Helping insurance agents become ‘cyber smart’

Providing an adequate cyber insurance policy is no longer enough for agents. Modern clients demand more

Helping insurance agents become ‘cyber smart’


By Joe Rosengarten

Simply providing an adequate cyber insurance policy is no longer enough for insurance agents. Modern clients demand more and expect their agents to have some knowledge on cyber risks and mitigation that goes beyond the rudimentary.

Insurance companies are recognizing the demands being placed on agents and are developing products and services that address the expectations of cyber clients. NAS Insurance’s CyberNet - an added feature that comes with every cyber liability policy - is a good example of this in action.

“It provides expert risk management and support, with policyholders having access to more than just insurance in the event of a breach,” says Jeremy Barnett, senior vice president of marketing at NAS Insurance. “Our expert support services help all businesses become ‘cyber smart’ with tools like our cyber risk website, 24/7 support hotline, data secure email alerts, online training and support, and webinar presentations.”

One of the aims of CyberNet is to empower agents with the knowhow required to converse confidently on cyber risks. It can be a complicated topic, and while clients don’t expect their insurance agent to be a tech whizz, they definitely do appreciate their agent going the extra mile to get as informed as they can. Like most businesses, relationship building and maintenance is a huge aspect of success in insurance, so learning more about the fastest emerging risk is a no-brainer for savvy agents.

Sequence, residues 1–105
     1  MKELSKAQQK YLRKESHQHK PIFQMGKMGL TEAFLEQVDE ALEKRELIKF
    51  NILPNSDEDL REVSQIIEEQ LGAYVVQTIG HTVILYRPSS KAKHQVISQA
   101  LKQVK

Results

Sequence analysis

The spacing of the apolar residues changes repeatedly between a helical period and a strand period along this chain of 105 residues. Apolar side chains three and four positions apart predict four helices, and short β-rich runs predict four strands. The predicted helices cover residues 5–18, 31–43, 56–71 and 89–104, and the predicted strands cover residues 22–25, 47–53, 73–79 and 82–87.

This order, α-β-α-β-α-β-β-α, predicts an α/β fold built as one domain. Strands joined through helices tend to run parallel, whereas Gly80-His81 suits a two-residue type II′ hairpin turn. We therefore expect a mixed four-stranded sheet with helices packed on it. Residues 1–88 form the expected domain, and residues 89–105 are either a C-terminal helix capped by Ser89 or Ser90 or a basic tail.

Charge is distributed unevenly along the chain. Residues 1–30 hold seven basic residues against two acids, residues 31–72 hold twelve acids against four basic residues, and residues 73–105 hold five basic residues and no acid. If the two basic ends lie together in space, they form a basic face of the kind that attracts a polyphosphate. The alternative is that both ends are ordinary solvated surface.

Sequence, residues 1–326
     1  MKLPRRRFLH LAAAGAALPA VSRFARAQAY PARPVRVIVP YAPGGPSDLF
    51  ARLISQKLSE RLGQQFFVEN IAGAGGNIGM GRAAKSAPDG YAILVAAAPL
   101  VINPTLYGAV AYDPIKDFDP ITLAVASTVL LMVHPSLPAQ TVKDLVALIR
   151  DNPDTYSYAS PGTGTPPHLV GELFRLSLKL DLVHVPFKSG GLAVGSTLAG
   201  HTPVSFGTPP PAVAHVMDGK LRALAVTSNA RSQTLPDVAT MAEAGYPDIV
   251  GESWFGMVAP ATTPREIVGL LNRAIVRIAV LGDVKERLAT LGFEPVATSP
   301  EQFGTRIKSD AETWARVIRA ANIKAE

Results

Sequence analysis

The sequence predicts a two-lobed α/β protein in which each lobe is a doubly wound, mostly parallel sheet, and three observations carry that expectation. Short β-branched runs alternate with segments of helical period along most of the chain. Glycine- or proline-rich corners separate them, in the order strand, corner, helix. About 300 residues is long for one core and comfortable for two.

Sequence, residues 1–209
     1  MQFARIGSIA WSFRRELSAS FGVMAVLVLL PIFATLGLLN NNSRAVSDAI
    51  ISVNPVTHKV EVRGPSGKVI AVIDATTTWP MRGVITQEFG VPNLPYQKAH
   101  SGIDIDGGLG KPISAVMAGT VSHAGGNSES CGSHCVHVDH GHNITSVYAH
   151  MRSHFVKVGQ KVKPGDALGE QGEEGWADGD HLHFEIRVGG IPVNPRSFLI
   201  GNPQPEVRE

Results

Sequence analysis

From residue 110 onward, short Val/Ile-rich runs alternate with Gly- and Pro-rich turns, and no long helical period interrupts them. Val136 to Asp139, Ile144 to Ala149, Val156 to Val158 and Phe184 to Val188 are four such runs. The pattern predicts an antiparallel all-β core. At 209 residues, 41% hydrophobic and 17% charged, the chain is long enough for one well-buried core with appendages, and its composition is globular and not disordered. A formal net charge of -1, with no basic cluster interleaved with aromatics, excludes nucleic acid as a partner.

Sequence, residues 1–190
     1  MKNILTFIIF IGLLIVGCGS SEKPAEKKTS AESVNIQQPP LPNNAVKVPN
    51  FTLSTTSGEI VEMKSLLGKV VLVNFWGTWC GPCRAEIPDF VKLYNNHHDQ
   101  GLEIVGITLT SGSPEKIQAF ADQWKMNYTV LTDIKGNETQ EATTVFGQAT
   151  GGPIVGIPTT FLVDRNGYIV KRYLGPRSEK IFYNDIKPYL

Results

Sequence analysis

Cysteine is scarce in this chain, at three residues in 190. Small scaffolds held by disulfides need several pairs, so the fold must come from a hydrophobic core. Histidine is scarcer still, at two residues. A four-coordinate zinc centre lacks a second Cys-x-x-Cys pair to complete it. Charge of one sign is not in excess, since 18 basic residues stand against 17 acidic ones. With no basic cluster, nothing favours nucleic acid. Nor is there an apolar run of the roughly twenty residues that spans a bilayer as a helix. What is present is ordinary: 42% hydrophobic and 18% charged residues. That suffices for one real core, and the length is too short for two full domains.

“CyberNET enables an agent to help their clients mitigate the risk and impact of a cyber breach,” Barnett says. “But it also provides access to expert cyber risk advisors when you need them, compliance materials, sample policies, and vendor agreement templates.”

The recently revamped version of CyberNET addresses some of the most timely cyber exposures, offering access to anti-phishing and social engineering courses, incident response plans, and a new cyber fitness checklist, which helps identify and prioritize cyber security risks.

“New training modules have been added, expanding the previous four courses to 14,” Barnett says. “Sample polices have been updated, including mobile device policy, email policy and removable media policy forms. Cyber Security Best Practices have also been added, including how-to guides for conducting risk assessments and classifying your data. Also, updated training admin features help the policyholder assign and manage training for their employees.”

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